I have heard of cobnuts before because I saw a feature on them on BBC Countryfile but with the start of the cobnut season just around the corner, I got to hear about a Kentish cobnut producer Potash Farm.
August 22nd is the ‘official’ start of the season. Native to Kent, cobnuts, a cultivated hazelnut, were favoured by the Victorians who enjoyed them as an after dinner accompaniment to vintage port. They have been grown around St Marys Platt in Kent, since the early 1800s where Potash Farm (www.kentishcobnuts.com) is situated, and by the turn of the century an estimated 7000 acres had been planted in orchards known locally as plats.
Alexander Hunt, began farming 35 years ago when he ploughed up his parent’s paddock to grow courgettes and runner beans to pay for his Bristol university accommodation.
He says the great buzz out of farming is that it keeps your feet on the ground and in my particular case nut growing is growing next to nature and the weather.
• The official cobnut season starts on August 22nd, St Philibert’s Day and the arrival of the August Bank Holiday normally signals the beginning of the cobnut-picking season but many crops are already ripe this month!
• It is expected that the bumper crop of 2017 will tip the value of the industry well over the £1m barrier from its normal value of about £750,000.
• Cobnut production was at its peak in the early 1900’s ( Victorian times ) when they covered more than 7,000 acres of the Home Counties, but this has drastically fallen away in modern times.
• Cobnuts are now used by many famous chefs and top restaurants and hotels – forget cocktails – it’s now all about cob-tails – The renowned American Bat at The Savoy hotel buys cobnuts from Potash Farm to use in a cocktail to make a cobnut syrup used in one of its cocktails which is proving popular with customers – if you’d like to speak to Declan McGurk , The American Bar’s bar manager I can sort for you – Please see a DIY cobnut cocktail recipe Declan has put together for Potash Farm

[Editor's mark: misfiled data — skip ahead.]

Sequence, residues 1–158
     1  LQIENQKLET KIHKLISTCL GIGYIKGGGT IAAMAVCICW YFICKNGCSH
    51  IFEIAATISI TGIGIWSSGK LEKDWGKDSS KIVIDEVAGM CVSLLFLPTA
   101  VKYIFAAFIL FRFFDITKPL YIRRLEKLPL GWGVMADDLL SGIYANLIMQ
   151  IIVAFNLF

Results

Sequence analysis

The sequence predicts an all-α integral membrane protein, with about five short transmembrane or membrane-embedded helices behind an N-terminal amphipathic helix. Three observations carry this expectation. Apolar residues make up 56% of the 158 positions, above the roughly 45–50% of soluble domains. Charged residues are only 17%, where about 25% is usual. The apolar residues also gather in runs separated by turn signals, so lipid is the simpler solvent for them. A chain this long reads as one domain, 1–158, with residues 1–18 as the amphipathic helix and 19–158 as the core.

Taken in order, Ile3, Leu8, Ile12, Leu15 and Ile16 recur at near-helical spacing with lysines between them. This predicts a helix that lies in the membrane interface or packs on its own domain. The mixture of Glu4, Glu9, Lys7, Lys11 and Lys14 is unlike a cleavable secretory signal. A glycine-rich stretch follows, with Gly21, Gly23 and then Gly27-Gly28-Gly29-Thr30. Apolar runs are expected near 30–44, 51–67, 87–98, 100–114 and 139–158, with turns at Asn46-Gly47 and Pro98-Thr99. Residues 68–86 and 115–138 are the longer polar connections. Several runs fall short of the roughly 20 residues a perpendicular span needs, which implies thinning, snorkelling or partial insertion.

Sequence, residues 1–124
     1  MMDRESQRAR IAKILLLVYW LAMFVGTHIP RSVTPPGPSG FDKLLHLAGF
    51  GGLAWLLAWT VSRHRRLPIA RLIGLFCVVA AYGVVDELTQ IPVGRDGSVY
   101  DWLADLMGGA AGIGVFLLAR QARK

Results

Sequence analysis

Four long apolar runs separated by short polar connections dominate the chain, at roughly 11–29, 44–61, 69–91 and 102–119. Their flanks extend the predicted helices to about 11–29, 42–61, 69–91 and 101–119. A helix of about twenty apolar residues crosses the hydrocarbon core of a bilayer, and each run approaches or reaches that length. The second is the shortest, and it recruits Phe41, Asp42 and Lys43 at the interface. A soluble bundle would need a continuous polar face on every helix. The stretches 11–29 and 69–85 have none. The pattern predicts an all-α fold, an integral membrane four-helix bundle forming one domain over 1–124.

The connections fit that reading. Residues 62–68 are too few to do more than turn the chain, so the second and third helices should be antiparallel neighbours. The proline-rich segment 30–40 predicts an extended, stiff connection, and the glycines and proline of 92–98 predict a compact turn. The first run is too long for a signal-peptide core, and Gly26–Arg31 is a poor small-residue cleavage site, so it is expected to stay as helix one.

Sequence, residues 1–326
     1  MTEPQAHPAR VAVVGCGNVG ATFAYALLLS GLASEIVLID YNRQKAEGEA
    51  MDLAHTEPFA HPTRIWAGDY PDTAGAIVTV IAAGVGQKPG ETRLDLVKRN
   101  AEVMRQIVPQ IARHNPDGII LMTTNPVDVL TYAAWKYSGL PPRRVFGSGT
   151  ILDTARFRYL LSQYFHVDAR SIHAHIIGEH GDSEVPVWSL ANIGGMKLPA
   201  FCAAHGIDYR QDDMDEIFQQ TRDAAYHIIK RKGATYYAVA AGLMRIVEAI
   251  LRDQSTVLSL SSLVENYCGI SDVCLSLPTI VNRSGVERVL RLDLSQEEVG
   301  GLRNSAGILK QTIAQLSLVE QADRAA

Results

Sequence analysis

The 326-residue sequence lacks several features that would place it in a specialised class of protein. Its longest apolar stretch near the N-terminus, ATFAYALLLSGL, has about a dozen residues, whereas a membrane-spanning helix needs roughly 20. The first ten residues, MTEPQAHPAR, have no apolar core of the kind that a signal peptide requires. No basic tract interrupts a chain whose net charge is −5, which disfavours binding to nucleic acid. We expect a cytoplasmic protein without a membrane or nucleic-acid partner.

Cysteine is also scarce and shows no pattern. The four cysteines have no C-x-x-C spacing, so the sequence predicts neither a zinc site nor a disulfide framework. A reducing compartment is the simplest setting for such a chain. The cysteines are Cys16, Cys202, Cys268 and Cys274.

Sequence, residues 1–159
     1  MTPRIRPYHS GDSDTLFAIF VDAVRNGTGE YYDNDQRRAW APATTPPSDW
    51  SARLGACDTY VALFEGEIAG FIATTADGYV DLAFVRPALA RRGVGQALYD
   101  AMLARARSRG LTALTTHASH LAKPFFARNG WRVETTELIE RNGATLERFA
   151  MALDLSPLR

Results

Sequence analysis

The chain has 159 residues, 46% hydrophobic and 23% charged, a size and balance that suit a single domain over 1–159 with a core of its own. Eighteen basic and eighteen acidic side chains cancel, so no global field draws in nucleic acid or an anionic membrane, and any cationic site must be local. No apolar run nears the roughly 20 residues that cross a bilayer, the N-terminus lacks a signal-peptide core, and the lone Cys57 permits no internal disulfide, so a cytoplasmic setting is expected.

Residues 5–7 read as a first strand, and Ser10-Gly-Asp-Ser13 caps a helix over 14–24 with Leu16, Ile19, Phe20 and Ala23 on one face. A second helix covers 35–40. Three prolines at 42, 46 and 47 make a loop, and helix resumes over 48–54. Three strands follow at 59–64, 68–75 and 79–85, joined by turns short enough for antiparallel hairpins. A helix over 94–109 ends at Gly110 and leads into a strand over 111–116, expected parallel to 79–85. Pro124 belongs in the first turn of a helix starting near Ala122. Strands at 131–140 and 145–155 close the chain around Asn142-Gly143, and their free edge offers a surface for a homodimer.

• Cobnuts indeed are growing in popularity and chefs such as Nigel Barden, Marcus Wareing, John Torode and Greg Wallace are huge fans of the cultivated hazelnut known as the cobnut and Potash Farm also supplies many famous restaurants such as The Goring and Park Lane Intercontinental as well as The Ivy
Facts and figures about cobnuts
· Cobnut pickers are called ‘nutters’
· 6 cobnuts offer the equivalent iron and protein of ½ lb of red meat. They are also high in calcium and vitamin A
· The cobnut is a cultivated form of hazel. While the classic hazelnut is fingernail shaped, cobnuts are broader, longer and shaped more like a thumbnail.
· Fresh and unprocessed, cobnuts can be eaten moist straight after picking in late August and September, when they have the texture of a sweet chestnut.
· As they turn brown in the autumn, cobnuts dry out and the starch inside turns to sugar, they become much sweeter.
To celebrate Cobnut season, why not raise a glass to the humble yet mighty cobnut with this
Cobnut Old Fashioned Recipe– by Declan McGurk, Bar manager at The American Bar, The Savoy Hotel
60ml Woodford Rye Whiskey
10ml Roasted Kentish Cobnut Syrup
2 Dashes Angostura Bitters
To make the roasted cobnut syrup, roast some cobnuts and then add them to a sugar syrup so they infuse the flavour, leave for a few hours to infuse.
Stir and serve with plenty of ice with ice and some orange or grapefruit peel
For more information about cobnuts and Potash Farm, visit their website.
Oh I’ve never heard of these, fascinating! And I love the sound of the nutty cocktails.